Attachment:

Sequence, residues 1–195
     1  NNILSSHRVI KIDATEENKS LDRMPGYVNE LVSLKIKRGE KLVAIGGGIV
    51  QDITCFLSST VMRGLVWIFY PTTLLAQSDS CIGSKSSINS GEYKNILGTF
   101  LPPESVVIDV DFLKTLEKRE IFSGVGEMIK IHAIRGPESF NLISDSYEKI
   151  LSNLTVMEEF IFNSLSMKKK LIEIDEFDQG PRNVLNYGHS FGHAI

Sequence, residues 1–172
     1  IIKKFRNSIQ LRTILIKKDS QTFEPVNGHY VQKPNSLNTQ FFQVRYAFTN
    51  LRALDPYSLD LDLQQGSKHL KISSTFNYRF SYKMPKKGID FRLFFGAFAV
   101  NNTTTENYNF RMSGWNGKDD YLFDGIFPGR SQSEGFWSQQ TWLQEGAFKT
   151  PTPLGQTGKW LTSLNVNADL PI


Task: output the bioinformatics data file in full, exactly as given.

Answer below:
Sequence, residues 1–195
     1  NNILSSHRVI KIDATEENKS LDRMPGYVNE LVSLKIKRGE KLVAIGGGIV
    51  QDITCFLSST VMRGLVWIFY PTTLLAQSDS CIGSKSSINS GEYKNILGTF
   101  LPPESVVIDV DFLKTLEKRE IFSGVGEMIK IHAIRGPESF NLISDSYEKI
   151  LSNLTVMEEF IFNSLSMKKK LIEIDEFDQG PRNVLNYGHS FGHAI

Sequence, residues 1–172
     1  IIKKFRNSIQ LRTILIKKDS QTFEPVNGHY VQKPNSLNTQ FFQVRYAFTN
    51  LRALDPYSLD LDLQQGSKHL KISSTFNYRF SYKMPKKGID FRLFFGAFAV
   101  NNTTTENYNF RMSGWNGKDD YLFDGIFPGR SQSEGFWSQQ TWLQEGAFKT
   151  PTPLGQTGKW LTSLNVNADL PI